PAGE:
Coretta Scott King
Although best known for being the wife of famed civil rights leader Dr. Martin Luther King Jr., Coretta Scott King created her own legacy in the movement to end injustice. She also worked to continue he husband’s legacy after his death.
Coretta Scott was born in Marion, Alabama on April 27, 1927. King’s parents were both entrepreneurs and her mother was musically talented. As a child, King expressed interest in music and quickly excelled in grade school as lead in the choir. She was the valedictorian in high school and went on to received her BA in music from Antioch College in Yellow Springs, Ohio. King was awarded a scholarship to further her music studies at the New England Conservatory of Music in Boston, Massachusetts. While studying at the school King was introduced to then, doctoral student Martin Luther King Jr. Although she was not initially attracted to him, the two began to date, and married in 1953.
One year later King graduated from the Conservatory of Music and the couple moved to Montgomery, Alabama. Martin took a position as the pastor of Dexter Avenue Baptist Church. The church became a center for the Civil Rights Movement in Alabama and eventually the country. Due to her family’s participation in the movement King often received death threats. As a result, the couple’s house was a continuous target for white supremacist groups. Throughout her marriage, King appeared side by side with her husband fighting against injustice. She also openly criticized the movement’s exclusion of women. The Kings had four children. Often when Martin was travelling Coretta remained at home, managing a full household on her own.
Dr. Martin Luther King Jr. was assassinated on April 4th, 1968 in Memphis, Tennessee. King continued to support several issues, marching in a labor strike only days after his funeral. She openly expressed disdain for the Vietnam War, an action that placed her under FBI surveillance for several years. King also supported several women’s right causes. She travelled internationally, lecturing about racism and economic issues in the United States and abroad. In 1969, King was awarded the Universal Love Award, becoming the first non-Italian to hold the distinction. The same year, she published her memoirs entitled My Life with Martin Luther King Jr.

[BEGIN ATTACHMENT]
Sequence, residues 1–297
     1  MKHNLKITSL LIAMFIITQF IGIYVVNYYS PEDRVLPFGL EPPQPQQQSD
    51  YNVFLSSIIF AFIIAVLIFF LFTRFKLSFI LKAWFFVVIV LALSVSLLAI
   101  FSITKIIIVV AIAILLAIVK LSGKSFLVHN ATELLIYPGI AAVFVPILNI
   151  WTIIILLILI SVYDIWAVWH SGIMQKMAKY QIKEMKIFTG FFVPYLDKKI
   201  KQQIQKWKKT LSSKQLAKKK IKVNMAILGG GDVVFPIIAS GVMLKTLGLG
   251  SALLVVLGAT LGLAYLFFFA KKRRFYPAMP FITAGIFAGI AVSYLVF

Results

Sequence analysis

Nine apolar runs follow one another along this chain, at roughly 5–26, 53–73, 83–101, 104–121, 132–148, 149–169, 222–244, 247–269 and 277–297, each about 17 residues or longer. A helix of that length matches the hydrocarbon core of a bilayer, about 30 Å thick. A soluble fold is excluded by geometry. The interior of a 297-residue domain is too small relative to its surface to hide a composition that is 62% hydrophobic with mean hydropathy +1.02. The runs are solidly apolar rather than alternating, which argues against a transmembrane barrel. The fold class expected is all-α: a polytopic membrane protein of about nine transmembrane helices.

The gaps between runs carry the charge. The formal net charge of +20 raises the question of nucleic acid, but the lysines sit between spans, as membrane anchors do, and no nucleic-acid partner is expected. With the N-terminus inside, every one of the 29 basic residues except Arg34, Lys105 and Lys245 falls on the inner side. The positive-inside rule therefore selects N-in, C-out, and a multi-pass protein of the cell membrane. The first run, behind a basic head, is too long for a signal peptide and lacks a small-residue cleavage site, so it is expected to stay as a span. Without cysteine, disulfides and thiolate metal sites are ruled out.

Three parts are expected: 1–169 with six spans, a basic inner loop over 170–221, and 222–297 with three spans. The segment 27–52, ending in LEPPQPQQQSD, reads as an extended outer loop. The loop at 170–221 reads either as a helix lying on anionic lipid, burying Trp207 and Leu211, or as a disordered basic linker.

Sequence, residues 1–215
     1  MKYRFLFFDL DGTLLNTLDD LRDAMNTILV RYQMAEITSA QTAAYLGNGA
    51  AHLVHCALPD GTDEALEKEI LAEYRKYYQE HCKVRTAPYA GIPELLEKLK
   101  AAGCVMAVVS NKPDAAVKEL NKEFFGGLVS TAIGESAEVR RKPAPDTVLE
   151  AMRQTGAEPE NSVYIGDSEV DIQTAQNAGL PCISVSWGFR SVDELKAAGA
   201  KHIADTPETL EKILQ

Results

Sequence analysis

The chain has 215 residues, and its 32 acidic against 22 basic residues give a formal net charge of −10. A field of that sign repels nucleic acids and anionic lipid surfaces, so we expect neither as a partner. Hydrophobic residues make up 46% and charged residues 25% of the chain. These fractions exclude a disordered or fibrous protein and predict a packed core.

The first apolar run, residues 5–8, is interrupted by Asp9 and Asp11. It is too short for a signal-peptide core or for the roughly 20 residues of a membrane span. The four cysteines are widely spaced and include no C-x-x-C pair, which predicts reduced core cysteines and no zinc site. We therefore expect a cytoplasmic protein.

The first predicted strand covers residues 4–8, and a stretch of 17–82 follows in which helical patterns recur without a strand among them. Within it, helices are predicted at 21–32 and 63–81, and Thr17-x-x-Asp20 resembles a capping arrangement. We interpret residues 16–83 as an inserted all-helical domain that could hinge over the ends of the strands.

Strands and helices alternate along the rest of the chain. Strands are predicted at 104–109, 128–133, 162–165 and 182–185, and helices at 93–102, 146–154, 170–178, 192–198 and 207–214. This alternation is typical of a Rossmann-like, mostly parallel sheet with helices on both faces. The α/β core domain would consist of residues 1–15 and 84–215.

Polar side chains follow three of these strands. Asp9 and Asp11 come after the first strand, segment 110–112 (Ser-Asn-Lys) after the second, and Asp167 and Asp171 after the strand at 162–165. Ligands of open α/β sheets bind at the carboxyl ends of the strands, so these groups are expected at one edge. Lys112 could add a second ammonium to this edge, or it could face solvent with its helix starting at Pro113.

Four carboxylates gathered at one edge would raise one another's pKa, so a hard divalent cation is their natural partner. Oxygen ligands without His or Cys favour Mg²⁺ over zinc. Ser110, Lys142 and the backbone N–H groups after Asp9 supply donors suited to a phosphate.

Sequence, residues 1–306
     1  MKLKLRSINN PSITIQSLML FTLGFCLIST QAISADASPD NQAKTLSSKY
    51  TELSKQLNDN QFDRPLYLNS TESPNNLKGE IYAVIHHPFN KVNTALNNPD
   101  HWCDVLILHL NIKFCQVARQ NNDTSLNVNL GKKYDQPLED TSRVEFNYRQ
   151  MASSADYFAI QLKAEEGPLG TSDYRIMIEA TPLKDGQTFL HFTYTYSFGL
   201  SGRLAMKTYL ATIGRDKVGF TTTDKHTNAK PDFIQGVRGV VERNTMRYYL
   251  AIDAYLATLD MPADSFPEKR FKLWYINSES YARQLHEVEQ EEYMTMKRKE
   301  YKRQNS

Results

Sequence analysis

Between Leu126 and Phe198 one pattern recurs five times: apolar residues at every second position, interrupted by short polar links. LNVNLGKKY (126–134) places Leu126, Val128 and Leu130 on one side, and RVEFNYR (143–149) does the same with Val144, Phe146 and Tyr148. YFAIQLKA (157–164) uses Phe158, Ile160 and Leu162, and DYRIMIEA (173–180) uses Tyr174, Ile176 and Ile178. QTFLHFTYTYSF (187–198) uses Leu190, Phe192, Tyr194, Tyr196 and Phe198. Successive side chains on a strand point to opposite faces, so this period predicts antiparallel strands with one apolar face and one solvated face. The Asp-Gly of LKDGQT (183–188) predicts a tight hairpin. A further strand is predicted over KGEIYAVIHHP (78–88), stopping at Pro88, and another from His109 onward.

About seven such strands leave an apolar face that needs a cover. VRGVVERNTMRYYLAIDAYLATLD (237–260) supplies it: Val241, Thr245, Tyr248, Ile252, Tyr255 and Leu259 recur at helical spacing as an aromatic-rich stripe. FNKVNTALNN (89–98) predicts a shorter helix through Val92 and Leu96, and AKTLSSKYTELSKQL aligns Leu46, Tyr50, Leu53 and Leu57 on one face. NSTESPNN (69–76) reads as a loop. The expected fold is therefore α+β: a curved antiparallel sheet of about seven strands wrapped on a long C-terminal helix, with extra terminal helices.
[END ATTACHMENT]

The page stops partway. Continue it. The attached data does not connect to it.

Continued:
King established the King Center, a memorial which focused on protecting and advancing her husband’s legacy. Her hard work eventually materialized in a federal holiday in honor of Dr. Martin Luther King Jr., which was signed into law in 1983. Although she later passed the leadership of the King Center on to her son Dexter, King remained an integral part of the organization, accepting speaking engagements and appearances until her death. King died on January 30th, 2006 from complications due to ovarian cancer. Her funeral was attended by several presidents and heads of states who expressed their sadness in losing another prominent figure in the fight for equality. She is buried alongside her husband in Atlanta, Georgia.
By: Arlisha R. Norwood, NWHM Fellow
- King, Coretta. My Life, My Love, My Legacy. New York: Holt & Co, 2017
- “About Mrs.King,” The King Center, Accessed by 27 April 2017.
- “Interview with Coretta Scott King,” Eyes on the Prize II Interviews, Accessed 27 April 2017.
- PHOTO: Library of Congress
MLA – Norwood, Arlisha. "Coretta Scott King." National Women's History Museum. National Women's History Museum, 2017. Date accessed.
Chicago- Norwood, Arlisha. "Coretta Scott King." National Women's History Museum. 2017. www.womenshistory.org/education-resources/biographies/coretta-scott-king.